Effects of alopecia on body image and quality of life of Turkish cancer women with or without headscarf.
ABSTRACT The aim of this study was to find out the effects of chemotherapy-related alopecia on body image and quality of life of Turkish women who have cancer with or without headscarves and factors affecting them.
This descriptive study was conducted with 204 women who received chemotherapy at the Istanbul University Institute of Oncology, Turkey. The Patient Description Form, Body Image Scale and Nightingale Symptom Assessment Scale were used in data collection. Statistical analyses were performed using descriptive statistics and non-parametric tests. Logistic regression analysis was done to predict the factors affecting body image and quality of life of the patients.
No difference was found between women wearing headscarves and those who did not in respect of their body image. However, women who wore headscarves who had no alopecia felt less dissatisfied with their scars, and women not wearing headscarves who had no alopecia have been feeling less self-conscious, less dissatisfied with their appearance. There was difference in terms of quality of life: women wearing headscarves had worse physical, psychological and general well-being than others.
Although there were many important factors, multivariate analysis showed that for body image, having alopecia and wearing headscarves; and for quality of life, having alopecia were the variables that had considerable effects.
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ABSTRACT: This article describes the experience of chemotherapy-induced alopecia. Data resulted from an ongoing study, which sought to explore the experience of Australian women with a primary diagnosis of ovarian cancer. Phenomenological analysis of written accounts or interviews with 15 Australian women resulted in 13 of these 15 women giving priority to describing their experience of alopecia. The women described alopecia as the most distressing corporeal feature of the ovarian cancer experience. Factors which contributed to women's distress included: loss of sense of self and altered body image; reminder of their illness and potential for an early death; public statement about their private life, practical issues and re-growth. No literature was located, worldwide, which specifically explores the experience of alopecia for women with ovarian cancer. This article presents the first in-depth exploration of the experience of alopecia for Australian women with ovarian cancer. Insight gained from this study will inform understanding of the issues associated with alopecia for women with ovarian cancer and may facilitate the provision of optimal supportive care provided by health care professionals for female cancer patients with chemotherapy-induced alopecia.European Journal of Cancer Care 03/2013; 22(4). DOI:10.1111/ecc.12056 · 1.76 Impact Factor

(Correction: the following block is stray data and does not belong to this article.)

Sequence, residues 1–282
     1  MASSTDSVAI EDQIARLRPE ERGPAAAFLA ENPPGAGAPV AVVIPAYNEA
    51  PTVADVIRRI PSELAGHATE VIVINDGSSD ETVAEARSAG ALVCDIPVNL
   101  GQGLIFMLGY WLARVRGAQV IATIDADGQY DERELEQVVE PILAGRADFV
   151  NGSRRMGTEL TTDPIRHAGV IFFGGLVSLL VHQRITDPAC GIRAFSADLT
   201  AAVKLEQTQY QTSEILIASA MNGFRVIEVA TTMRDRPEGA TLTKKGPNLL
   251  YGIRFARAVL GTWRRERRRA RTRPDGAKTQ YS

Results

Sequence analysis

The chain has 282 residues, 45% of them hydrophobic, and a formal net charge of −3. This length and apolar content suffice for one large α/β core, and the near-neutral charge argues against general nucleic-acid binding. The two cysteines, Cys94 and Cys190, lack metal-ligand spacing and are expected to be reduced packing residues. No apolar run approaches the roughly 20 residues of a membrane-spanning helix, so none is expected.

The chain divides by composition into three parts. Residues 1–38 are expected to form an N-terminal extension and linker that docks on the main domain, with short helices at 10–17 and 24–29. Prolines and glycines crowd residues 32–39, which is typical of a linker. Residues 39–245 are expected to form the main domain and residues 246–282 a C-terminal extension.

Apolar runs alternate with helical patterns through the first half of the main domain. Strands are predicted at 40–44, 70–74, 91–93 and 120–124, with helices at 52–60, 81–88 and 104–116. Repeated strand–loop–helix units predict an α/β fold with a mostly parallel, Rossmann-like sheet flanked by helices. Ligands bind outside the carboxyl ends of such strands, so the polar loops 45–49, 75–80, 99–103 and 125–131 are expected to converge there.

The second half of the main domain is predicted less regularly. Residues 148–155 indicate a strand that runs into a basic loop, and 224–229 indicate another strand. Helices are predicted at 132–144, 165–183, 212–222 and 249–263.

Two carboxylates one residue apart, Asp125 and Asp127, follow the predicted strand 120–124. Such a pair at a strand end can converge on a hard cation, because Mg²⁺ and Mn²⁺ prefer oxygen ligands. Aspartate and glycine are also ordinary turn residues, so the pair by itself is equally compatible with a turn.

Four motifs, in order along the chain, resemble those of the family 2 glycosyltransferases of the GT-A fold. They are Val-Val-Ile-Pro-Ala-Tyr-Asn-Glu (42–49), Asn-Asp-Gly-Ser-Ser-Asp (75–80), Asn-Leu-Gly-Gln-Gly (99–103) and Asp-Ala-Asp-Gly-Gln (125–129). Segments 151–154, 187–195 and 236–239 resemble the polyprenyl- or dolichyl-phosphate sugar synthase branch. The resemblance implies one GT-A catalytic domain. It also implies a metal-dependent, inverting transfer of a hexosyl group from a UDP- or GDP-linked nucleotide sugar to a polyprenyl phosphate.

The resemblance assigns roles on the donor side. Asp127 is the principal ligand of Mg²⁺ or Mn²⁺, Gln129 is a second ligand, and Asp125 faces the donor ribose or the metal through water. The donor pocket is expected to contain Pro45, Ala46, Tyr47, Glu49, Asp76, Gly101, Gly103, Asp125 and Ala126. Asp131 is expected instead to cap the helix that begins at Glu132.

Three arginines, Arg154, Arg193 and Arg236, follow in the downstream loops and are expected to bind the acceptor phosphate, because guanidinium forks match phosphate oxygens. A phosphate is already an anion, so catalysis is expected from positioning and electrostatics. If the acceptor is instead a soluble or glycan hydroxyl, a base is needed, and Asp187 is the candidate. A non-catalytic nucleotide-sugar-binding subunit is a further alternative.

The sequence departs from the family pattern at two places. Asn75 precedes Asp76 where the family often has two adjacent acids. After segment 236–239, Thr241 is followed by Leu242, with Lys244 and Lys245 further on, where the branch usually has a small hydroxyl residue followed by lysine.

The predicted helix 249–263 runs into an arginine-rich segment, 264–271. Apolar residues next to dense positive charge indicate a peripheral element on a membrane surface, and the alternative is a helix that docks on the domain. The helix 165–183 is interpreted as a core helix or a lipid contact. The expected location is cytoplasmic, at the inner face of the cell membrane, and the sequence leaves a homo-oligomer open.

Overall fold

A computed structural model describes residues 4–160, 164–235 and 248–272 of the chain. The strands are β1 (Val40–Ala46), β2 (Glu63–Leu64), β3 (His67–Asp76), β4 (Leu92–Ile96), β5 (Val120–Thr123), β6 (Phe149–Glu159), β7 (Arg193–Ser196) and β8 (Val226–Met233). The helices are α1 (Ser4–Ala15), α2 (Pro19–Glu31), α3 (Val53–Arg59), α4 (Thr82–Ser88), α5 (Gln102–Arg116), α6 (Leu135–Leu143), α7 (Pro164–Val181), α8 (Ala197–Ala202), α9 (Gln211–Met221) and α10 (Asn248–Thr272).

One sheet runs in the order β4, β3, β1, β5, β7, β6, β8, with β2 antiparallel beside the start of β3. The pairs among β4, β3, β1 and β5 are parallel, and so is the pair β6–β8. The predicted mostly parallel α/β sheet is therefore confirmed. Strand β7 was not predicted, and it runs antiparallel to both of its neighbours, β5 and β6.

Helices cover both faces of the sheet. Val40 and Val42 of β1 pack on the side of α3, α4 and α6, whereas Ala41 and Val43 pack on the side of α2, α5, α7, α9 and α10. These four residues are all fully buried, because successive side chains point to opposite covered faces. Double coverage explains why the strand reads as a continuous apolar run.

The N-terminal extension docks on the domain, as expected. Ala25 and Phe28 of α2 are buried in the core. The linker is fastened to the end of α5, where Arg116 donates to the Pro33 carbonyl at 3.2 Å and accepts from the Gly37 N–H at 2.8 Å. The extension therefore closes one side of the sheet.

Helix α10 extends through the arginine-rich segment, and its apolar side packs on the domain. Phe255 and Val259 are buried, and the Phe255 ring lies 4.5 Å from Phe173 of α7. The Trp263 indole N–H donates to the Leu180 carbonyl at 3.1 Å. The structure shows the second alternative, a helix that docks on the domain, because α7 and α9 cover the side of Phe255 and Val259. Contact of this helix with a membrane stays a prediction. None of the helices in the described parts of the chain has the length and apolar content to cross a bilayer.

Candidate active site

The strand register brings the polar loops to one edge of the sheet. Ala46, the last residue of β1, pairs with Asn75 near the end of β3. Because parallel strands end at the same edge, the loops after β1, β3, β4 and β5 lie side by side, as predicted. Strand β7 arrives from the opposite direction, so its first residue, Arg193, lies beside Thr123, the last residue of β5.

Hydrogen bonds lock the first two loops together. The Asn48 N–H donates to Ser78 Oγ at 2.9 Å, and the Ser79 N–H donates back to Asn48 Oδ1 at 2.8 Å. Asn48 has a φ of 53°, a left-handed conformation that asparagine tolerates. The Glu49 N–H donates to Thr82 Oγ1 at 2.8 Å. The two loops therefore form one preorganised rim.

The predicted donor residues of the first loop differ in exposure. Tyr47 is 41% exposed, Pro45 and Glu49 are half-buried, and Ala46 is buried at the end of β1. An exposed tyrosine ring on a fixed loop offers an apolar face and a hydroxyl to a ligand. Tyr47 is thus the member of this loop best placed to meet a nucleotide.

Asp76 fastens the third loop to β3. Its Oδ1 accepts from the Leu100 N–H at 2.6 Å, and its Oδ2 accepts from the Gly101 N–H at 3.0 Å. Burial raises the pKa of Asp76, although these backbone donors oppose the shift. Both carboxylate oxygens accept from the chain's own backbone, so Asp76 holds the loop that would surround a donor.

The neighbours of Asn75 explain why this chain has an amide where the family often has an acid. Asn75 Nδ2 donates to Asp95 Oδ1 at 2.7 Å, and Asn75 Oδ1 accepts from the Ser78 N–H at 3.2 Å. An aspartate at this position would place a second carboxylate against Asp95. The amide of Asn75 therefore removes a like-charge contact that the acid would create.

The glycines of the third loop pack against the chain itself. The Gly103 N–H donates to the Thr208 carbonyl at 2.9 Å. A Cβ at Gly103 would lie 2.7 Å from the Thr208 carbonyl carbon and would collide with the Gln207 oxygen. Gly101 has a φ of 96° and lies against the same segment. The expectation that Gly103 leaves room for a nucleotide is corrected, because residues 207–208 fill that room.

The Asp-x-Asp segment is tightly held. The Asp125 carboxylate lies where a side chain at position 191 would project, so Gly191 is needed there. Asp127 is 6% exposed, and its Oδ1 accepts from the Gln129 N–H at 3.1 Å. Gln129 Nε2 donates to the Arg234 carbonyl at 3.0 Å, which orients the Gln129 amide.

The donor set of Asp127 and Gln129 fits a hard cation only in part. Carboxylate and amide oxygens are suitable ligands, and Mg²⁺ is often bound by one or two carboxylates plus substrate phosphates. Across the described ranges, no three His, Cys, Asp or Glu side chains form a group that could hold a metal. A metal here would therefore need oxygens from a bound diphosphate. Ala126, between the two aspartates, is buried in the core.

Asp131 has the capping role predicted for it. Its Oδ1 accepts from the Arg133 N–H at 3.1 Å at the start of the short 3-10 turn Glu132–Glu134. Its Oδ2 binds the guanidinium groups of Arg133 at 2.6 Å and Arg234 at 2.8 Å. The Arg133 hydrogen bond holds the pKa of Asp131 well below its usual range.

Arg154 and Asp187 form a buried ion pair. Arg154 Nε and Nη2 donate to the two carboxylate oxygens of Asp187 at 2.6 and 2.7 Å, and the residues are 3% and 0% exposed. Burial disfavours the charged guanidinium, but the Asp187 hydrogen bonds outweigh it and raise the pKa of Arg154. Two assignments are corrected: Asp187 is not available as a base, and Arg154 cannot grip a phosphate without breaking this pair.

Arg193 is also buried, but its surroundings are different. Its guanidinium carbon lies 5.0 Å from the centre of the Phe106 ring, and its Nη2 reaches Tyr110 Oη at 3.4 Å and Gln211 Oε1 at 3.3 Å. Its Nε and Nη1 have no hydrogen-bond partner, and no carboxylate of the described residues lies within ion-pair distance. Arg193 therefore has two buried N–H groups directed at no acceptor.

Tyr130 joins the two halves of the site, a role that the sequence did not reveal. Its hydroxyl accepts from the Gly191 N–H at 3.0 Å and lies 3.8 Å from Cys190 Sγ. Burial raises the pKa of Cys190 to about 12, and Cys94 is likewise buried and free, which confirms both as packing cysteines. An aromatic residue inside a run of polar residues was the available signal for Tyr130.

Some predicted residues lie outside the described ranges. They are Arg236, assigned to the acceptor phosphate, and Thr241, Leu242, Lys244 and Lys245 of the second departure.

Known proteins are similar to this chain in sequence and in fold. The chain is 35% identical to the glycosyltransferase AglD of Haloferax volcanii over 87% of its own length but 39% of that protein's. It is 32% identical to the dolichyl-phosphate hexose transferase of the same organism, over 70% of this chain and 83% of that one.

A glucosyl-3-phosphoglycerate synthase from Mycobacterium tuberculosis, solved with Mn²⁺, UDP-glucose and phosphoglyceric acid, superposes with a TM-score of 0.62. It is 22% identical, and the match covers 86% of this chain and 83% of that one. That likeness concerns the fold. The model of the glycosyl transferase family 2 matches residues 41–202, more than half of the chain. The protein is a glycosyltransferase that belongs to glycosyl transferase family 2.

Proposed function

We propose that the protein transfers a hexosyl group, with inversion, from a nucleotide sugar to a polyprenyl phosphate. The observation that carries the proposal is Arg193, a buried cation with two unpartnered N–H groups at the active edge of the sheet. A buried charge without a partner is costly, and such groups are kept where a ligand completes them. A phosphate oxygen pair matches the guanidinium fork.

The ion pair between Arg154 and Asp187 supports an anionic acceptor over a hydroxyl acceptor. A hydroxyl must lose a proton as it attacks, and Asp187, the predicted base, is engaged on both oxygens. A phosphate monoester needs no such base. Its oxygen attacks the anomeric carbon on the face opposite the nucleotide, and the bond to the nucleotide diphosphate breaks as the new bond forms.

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ABSTRACT: PURPOSE: The effect of alopecia on men and women has not been fully documented in the literature, especially for Turkish cancer patients. The aim of this study was to determine the incidence of chemotherapy-related alopecia and how it affects the body image and quality of life of Turkish male and female cancer patients, in order to identify variables that may be important in the perception of this problem. METHODS: This descriptive study was carried out between November 2010 and June 2011 at Istanbul University Institute of Oncology; 201 men and 204 women attended. A face-to-face interview was performed during chemotherapy, and the effects of alopecia on cancer patients were assessed using the Patient Information Form, Body Image Scale, and Nightingale Symptom Assessment Scale. RESULTS: The study group consisted of 55.1% female and 44.9% male patients. Most of the patients experienced partial or total alopecia during chemotherapy. There were no differences between men and women with regard to body image in respect of degree of alopecia, but the body image of the male and female patients who had partial or complete alopecia was lower than that in patients who had no alopecia; psychological well-being of women was lower than that in men, because the incidence of alopecia was higher in women. CONCLUSIONS: This study contributes new knowledge on the cultural characteristics of Turkish patients, which may assist other researchers working with different international populations. Alopecia is a difficult side effect for both men and women. Health professionals should assess and educate patients differently from the current standard.European journal of oncology nursing: the official journal of European Oncology Nursing Society 08/2012; DOI:10.1016/j.ejon.2012.06.003 · 1.79 Impact Factor